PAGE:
It was lunch. We were heading down the hill towards the dorm, a modern building with a soaring glass dining hall ahead of us. I was nineteen, perhaps, maybe twenty. The hall was a big, bright space, with round tables and classic Eames chairs. I loved that space. I was with my friends, though I can no longer recall exactly which ones. I can imagine us laughing and joking as we took our seats, trays in hand.
That day there would be an interruption during lunch, a small disturbance. We didn't know it was about to happen and, when it did, it was a surprise. You see, someone had written a letter to the college newspaper, an anonymous letter, announcing the formation of a gay support organization on campus. This was the late 70s and we didn't have such organizations at our small, elite college. People didn't really announce their sexual orientation there. We didn't really even say sexual orientation. Looking back, I doubt I had even seen the letter when I sat down to lunch that day.
A student stood up on a chair, on one of those white, cool Eames chairs, wire frame with orange seat cushions. He stood up on a chair and began to read the letter. We could all hear him and we stopped talking, I imagine. As he read this letter, this letter about starting a gay support organization, he read it with a lisp. His tone was mocking. The letter was a joke to him and he was making it a joke for us.
I sat in my chair and I didn't say a word. As I remember it, no one really said a word. Perhaps there was some laughter; there was also certainly some shocked silence. I sat in my chair, but please, imagine me for who I was: not a closeted gay student watching this horror, not a young man struggling with his sexuality, but a student, nineteen, twenty, deeply repressed and deeply repressing thoughts in his mind. A young man not sure about himself and not ready to engage with his confusion.
I don't suppose the student's performance on the chair that day helped me in any way toward resolution of my own inner conflicts.
I think of this incident--this student bashing gay people on a chair, unchallenged as far as I can remember--as I read today of the Notre Dame newspaper and the charming cartoon they chose to publish this week. "What's the easiest way to turn a fruit into a vegetable," it asks.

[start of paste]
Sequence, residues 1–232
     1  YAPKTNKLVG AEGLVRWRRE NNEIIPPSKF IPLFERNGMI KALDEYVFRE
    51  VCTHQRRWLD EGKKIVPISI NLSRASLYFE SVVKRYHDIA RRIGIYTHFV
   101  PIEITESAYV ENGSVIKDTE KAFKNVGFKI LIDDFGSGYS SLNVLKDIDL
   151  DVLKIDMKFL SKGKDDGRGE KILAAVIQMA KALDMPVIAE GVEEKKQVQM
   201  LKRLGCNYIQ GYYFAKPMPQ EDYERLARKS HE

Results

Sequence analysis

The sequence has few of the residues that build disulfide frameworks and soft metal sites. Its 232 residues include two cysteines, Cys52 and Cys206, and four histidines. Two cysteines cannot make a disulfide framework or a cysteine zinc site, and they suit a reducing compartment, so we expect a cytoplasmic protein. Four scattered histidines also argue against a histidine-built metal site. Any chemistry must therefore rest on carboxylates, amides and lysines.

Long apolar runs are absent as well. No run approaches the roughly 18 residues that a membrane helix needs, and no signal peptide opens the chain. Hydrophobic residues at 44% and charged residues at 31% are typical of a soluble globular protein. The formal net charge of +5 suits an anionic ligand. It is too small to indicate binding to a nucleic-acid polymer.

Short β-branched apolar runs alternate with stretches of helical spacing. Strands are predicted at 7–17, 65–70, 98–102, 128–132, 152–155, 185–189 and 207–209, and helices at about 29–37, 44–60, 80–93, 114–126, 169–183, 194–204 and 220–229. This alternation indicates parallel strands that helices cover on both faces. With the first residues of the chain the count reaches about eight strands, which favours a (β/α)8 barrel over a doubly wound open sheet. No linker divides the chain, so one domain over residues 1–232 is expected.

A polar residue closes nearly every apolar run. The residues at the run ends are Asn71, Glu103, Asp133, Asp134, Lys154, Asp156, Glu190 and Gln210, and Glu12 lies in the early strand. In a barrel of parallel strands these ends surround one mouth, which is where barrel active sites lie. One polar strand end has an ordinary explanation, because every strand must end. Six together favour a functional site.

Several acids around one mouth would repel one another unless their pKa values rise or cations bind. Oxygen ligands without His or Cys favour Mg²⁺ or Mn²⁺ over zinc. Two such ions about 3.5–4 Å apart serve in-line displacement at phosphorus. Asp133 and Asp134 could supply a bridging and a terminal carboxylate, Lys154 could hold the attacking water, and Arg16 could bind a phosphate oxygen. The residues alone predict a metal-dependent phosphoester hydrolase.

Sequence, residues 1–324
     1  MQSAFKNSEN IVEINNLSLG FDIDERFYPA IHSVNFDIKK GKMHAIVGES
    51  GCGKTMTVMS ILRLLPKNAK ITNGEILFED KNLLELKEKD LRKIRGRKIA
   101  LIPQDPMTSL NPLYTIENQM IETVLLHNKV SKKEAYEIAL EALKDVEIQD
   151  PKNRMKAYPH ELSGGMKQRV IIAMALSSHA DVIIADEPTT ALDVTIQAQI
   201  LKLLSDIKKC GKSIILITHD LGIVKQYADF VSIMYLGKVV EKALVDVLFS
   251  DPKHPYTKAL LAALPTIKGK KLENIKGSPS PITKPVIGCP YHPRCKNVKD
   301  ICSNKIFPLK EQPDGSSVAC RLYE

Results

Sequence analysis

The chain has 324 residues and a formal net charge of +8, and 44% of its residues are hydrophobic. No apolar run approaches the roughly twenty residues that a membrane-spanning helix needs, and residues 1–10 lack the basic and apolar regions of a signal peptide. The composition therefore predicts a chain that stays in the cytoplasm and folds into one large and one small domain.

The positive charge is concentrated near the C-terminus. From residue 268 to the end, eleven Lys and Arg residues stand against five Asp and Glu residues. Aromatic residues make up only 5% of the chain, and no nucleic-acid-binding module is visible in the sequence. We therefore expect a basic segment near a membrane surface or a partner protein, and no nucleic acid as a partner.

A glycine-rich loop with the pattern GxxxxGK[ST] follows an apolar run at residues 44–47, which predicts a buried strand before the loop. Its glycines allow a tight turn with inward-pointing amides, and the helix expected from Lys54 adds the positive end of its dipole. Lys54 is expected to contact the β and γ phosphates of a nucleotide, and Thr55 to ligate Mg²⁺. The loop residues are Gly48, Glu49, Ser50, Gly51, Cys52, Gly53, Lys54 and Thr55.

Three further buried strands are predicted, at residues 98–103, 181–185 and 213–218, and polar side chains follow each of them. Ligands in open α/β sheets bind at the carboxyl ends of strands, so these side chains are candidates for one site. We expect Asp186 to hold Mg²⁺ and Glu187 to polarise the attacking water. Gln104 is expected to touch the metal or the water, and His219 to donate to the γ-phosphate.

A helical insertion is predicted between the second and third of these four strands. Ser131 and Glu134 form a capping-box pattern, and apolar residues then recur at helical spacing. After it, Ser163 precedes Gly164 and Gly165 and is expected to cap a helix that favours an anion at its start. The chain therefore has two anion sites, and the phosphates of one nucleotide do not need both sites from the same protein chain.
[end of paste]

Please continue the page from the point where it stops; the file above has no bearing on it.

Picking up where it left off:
"A baseball bat."
The cartoonists apparently had constructed an earlier version, which they deemed offensive and ditched. In their first version, the baseball bat punch line had been "AIDs."
Gay bashing. At college. Standing on a chair, lisping, mocking, belittling. Publishing a cartoon, joking, threatening, dehumanizing. Two incidents, both at colleges, separated by some thirty years. Yet, as I think about them both, these incidents live on. That story about the student standing on the chair? I've wondered for some years if I'd remembered it correctly, had my mind made it up, altered it, dramatized it? Well, some time ago I did a little search on the internet and I found references to it, clear, exactly as I recalled. This small incident lives on. The young man on the chair isn't named but he is there. He could find himself. He could do a search and quickly discover the tale of his transgression: the day he stood on the chair.
And these young cartoonists from Notre Dame? They are named. We know their names.
Every time these three cartoonists, these clever, overachieving, witty cartoonists from the big Catholic university out there in South Bend, every time they apply for a job, move into a neighborhood, announce a run for school committee, they will be googled. And their cartoon, those three frames which suggest the best way to turn a fruit into a vegetable will appear. Tough, tough at such a young age.